|By G. David Adamson, M.D.,
Founder and CEO,
One in eight adults in the United States deals with infertility due to medical conditions including low sperm count in men, and irregular cycles, endometriosis and fibroids in women. Prospective single parents, the LGBTQ+ community, and those dealing with cancer or wanting to adopt also face daunting family forming challenges.
To confront these issues, some try digital-only solutions while others embrace every possible family forming option. Healthcare is complex, and the fertility journey especially so in many ways — psychologically, financially, medically, and socially. Because one size does not fill all, good outcomes must be based on evidence from sound research.
Comprehensive Healthcare Practices Require Comprehensive Data
Patients need verifiable, scientifically provable results. The most dedicated and reliable healthcare companies will embrace approaches that have been scientifically tested, peer reviewed, and field-tested to expand practitioners’ real expertise in helping people.
More and more, these scientific bona fides come through data and analytics, and the healthcare industry must continue to embrace data collection. But collecting data exclusively from patients undergoing treatment can lead to avoidable errors.
Healthcare providers must learn the ins and outs of effective data collection, understanding:
- What data to gather
- How to standardize that data
- How to analyze data accurately
- What the analysis means
- How to act on the results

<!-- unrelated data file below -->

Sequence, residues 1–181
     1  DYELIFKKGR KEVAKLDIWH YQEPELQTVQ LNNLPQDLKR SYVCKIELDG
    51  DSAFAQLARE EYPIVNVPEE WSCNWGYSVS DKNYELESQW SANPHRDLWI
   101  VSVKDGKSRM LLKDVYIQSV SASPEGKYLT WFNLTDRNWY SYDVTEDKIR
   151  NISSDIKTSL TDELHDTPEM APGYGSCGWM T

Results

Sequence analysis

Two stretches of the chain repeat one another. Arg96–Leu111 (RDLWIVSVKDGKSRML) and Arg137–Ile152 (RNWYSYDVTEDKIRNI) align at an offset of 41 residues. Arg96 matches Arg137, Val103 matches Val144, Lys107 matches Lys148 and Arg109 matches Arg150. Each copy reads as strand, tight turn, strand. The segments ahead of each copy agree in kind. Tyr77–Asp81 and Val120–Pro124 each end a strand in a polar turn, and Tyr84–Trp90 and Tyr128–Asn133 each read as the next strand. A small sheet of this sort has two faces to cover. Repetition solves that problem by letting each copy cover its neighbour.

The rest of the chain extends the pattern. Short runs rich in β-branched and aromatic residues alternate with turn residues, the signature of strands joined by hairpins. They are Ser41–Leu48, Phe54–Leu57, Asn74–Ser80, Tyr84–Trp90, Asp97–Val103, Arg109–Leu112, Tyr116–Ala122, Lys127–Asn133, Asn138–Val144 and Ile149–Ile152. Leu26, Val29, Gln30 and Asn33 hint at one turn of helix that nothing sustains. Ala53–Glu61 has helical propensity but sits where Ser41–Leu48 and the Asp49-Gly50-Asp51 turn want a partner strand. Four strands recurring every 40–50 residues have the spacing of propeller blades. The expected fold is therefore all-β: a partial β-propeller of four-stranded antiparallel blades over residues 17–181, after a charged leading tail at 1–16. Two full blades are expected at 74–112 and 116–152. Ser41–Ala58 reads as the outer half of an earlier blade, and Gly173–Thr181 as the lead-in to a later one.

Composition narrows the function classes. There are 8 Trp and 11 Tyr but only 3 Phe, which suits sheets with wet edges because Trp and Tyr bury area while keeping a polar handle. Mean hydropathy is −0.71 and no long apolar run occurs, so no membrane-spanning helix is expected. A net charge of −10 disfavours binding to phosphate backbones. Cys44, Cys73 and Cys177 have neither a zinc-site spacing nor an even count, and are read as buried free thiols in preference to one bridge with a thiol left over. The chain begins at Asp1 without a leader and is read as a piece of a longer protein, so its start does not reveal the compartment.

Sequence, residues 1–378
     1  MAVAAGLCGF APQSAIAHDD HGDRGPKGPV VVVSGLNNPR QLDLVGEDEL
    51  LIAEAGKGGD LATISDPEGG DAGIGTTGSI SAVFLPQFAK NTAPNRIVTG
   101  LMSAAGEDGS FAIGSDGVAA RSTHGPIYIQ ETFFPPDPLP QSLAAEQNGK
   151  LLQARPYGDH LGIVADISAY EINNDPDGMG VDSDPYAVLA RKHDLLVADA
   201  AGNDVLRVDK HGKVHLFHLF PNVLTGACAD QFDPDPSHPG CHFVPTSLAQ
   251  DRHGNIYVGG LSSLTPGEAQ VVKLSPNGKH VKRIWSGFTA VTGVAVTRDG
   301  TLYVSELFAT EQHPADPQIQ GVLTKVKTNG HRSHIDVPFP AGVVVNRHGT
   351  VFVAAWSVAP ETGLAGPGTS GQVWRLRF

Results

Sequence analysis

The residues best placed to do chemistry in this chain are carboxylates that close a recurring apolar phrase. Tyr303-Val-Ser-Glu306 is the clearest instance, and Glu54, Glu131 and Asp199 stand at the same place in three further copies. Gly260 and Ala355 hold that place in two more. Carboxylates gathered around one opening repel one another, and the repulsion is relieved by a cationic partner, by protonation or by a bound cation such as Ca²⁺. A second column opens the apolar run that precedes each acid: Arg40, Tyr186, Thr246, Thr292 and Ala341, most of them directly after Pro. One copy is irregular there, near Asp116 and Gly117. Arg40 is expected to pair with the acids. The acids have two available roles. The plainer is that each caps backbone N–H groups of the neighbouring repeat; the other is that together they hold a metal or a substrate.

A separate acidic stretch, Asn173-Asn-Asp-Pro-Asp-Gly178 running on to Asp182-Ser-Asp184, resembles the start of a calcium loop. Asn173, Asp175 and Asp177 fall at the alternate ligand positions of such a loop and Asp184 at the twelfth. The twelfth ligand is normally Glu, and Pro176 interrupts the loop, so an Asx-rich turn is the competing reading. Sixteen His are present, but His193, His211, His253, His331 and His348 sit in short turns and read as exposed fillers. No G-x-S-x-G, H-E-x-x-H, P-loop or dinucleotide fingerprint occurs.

All this sounds complex and challenging because it is. Mastering data will require both deep and broad expertise, if not from practitioners themselves, then from trusted analysts who understand their clients’ practices, and who will not “cherry pick” or manipulate data to make convenient arguments. This expertise is absolutely necessary if providers hope to offer comprehensive, cutting-edge fertility care.
Using Data from All Available Sources
Thankfully, reliable and validated data is available to augment the information collected on the ground at practices. The International Committee Monitoring Assisted Reproductive Technologies (ICMART), the Society for Assisted Reproductive Technologies (SART), and the Centers for Disease Control and Prevention (CDC) all collect extensive fertility data across entire populations. This broader dataset can help researchers and practitioners alike acquire vital, evidence-based information that sheds light on healthcare factors that could otherwise go unnoticed
For example, we know there is often inequity in access to medical care, and this lack of treatment can lead to a lack of documentation of the untreated, so that the root causes cannot be quantified and addressed. If we mean to create diversity, equity, inclusion, and belonging (DEIB) in our practices and in the workplace, we must start with the best and most inclusive possible datasets and an intention to analyze and implement results fairly.
Our Success Story: Reducing Multiple Births
At ARC Fertility, we strive to use evidence-based care models to arrive at and save money through better outcomes, and to avoid waste. Data helped us reduce our patients’ rate of multiple births using single embryo transfer (SET) procedures, resulting in more healthy babies. This is just one example of how data and research can create better outcomes for patients seeking fertility treatment.
Data empowers doctors and patients to make informed decisions about care together and can lead to new innovations in healthcare treatments. We need national action in embracing data-driven treatments for those forming families across the fertility medicine landscape. Only then can we continue offering the best comprehensive care — psychologically, financially, medically, and socially.
Read ARC Fertility Validation Reports HERE.